A top Democrat acknowledged Thursday that President Obama’s health-care bill hurt his party in 2010. And a new study suggests it cost the Democrats something pretty specific: their House majority.
“It was clearly a liability in the last election in terms of the public’s fear,” House Minority Whip Steny Hoyer (D-Md.) said Thursday during a briefing with reporters.
The study, by five professors from institutions across the country, looks at the health-care bill alongside other contentious votes in the 111th Congress and determines that, more so than the stimulus or the cap-and-trade energy bill, it cost Democrats seats. In fact, they lost almost exactly the number of seats that decided the majority.
Whoops. That’s a high political cost for something that may very well be unconstitutional. The study is confirmation of what many conservatives knew to be the case. Unlike their liberal counterparts, they did not avert their eyes from polling showing how unpopular Obamacare was.
Obamacare has gone from a “historic achievement” that would help Democrats win in 2010 to the cause of their lost majority to — the Democrats dearly hope — a non-issue in 2012. But Republicans should do their best to make sure that Steny Hoyer is wrong when he says that Democrats have “dissipated the opposition” and that Obamacare won’t be “as fertile soil as [Republicans] had two years ago.” (Rather an odd formulation for something so historic, isn’t it?)
In any event, Mitt Romney, as he pulls away from his ankle-nipping opponents, should begin to focus more intently on Obamacare. As we’ve reported, the Independent Payment Advisory Board, the taxes, the impact on the debt and the drag on small-business growth and hiring are all negative aspects of Obamacare that Romney should emphasize. For obvious reasons, Rick Santorum wants to argue that with Romney as the nominee the GOP would be “giving away” the issue of Obamacare. Nothing could be further from the truth.
Indeed, there is a good argument that Obamacare is a critical part of Romney’s overall message: Obama’s policy choices are rendering this ”recovery” unusually slow and weak.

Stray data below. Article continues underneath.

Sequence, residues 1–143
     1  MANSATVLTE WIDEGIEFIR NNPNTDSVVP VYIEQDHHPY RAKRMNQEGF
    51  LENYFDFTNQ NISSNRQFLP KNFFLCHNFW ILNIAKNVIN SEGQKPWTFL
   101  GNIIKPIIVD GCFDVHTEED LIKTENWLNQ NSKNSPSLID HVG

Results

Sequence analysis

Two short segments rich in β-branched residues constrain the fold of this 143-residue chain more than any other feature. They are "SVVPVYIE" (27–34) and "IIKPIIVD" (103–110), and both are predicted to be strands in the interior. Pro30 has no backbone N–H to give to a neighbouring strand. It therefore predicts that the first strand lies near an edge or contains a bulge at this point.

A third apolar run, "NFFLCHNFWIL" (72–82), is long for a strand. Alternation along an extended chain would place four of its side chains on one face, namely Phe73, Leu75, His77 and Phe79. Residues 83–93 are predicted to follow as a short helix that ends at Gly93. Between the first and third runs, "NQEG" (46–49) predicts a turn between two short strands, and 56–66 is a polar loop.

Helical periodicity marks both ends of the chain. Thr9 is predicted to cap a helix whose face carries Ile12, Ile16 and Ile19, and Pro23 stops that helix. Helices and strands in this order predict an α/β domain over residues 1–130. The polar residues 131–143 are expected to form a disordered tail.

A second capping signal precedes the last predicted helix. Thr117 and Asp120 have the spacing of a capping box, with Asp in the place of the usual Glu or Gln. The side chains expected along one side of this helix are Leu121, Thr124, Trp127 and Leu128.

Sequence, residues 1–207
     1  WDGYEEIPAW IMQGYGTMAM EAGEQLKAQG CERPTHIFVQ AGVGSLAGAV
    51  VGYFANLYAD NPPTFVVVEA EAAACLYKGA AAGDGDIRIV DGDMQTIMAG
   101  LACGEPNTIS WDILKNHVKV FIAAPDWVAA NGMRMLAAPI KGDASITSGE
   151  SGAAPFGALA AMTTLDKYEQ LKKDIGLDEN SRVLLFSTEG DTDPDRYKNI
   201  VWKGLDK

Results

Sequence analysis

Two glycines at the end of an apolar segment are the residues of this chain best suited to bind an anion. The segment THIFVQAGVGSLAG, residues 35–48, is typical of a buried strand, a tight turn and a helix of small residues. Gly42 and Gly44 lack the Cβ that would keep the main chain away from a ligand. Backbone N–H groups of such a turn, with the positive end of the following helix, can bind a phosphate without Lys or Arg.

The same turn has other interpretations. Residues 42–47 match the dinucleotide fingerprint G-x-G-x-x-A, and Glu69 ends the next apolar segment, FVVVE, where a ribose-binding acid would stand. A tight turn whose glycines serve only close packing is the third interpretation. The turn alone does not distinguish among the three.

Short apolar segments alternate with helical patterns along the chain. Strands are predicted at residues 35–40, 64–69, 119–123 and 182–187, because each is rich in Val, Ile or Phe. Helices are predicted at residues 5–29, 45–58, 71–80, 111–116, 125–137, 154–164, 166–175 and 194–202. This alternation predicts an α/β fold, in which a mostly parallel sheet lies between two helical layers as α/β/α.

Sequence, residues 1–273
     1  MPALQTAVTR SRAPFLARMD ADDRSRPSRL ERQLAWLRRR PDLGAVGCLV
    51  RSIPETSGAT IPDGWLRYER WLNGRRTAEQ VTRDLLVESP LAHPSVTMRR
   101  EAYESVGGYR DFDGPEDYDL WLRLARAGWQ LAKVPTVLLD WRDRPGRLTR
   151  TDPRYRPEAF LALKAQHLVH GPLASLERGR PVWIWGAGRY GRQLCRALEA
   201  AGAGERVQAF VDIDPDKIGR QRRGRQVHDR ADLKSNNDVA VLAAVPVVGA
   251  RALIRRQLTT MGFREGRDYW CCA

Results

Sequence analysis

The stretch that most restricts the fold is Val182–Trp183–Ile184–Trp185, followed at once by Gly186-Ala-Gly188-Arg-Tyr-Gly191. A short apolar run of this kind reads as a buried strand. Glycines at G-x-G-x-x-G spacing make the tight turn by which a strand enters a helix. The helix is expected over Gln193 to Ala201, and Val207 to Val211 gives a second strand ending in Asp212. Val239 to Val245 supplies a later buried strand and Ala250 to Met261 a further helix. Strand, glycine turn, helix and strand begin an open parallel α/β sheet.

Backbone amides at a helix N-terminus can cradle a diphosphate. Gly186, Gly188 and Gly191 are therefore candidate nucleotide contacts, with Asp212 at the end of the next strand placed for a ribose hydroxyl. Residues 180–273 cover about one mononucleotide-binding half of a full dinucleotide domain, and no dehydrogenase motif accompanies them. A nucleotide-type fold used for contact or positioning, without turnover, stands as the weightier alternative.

The previous jobs recession record — 47 months — came during and after the comparatively mild 2001 recession, which saw unemployment climb to only 6.3%. The average job recovery time since 1980 is 29 months, not including the current slump.
The labor market won’t truly return to health until some 10 million positions are created to rehire all those who lost their jobs and to absorb new workers.
The longest jobs recession in decades coincides, not coincidentally, with the longest stretch of anemic economic performance on record. . . .
After the severe 1981-82 recession, the U.S. economy enjoyed a five-quarter stretch of 7% or more — following a 5.1% annualized gain.
The U.S. economy is up just 6.2% above the level at the end of the recession vs. 14.9% in the 10 quarters after the 1981-82 slump.
President Obama may take hope that the U.S. economy has picked up from near-stall speed to a modest pace in recent months. But after the mild 1990-91 downturn, the U.S. economy rose tepidly for a few quarters before growing more than 4% in every quarter of 1992. That still wasn’t enough to keep the first President Bush from losing to Bill Clinton.
Romney should make the simple argument: Get Obama out of the way — and with him Obamacare, the Dodd-Frank legislation, a chunk of discretionary spending and the planned tax hikes — and instead put in place his agenda — tax cuts, entitlement reform, reduced regulation, and domestic energy development — and the economy will take off. Obama, in other words, represents the status quo (a health-care plan we don’t like high unemployment, massive debt); Romney offers something better. Now that is a positive, conservative message that the Republican Party, and maybe even the country, can get behind.